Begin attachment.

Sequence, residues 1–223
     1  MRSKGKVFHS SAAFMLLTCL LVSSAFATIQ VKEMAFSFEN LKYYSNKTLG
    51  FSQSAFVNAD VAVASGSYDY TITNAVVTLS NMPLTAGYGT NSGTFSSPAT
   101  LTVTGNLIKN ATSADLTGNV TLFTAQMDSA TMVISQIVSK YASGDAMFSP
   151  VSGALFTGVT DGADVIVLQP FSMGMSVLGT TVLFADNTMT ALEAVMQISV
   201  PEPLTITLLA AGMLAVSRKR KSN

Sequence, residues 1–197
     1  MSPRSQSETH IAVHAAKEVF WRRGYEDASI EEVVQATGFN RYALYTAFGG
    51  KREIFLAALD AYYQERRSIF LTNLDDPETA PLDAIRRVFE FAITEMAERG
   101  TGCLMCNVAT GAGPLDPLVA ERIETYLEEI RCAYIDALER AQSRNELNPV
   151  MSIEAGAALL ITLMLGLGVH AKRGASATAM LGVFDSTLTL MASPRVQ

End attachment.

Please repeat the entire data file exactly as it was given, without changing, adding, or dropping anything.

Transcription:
Sequence, residues 1–223
     1  MRSKGKVFHS SAAFMLLTCL LVSSAFATIQ VKEMAFSFEN LKYYSNKTLG
    51  FSQSAFVNAD VAVASGSYDY TITNAVVTLS NMPLTAGYGT NSGTFSSPAT
   101  LTVTGNLIKN ATSADLTGNV TLFTAQMDSA TMVISQIVSK YASGDAMFSP
   151  VSGALFTGVT DGADVIVLQP FSMGMSVLGT TVLFADNTMT ALEAVMQISV
   201  PEPLTITLLA AGMLAVSRKR KSN

Sequence, residues 1–197
     1  MSPRSQSETH IAVHAAKEVF WRRGYEDASI EEVVQATGFN RYALYTAFGG
    51  KREIFLAALD AYYQERRSIF LTNLDDPETA PLDAIRRVFE FAITEMAERG
   101  TGCLMCNVAT GAGPLDPLVA ERIETYLEEI RCAYIDALER AQSRNELNPV
   151  MSIEAGAALL ITLMLGLGVH AKRGASATAM LGVFDSTLTL MASPRVQ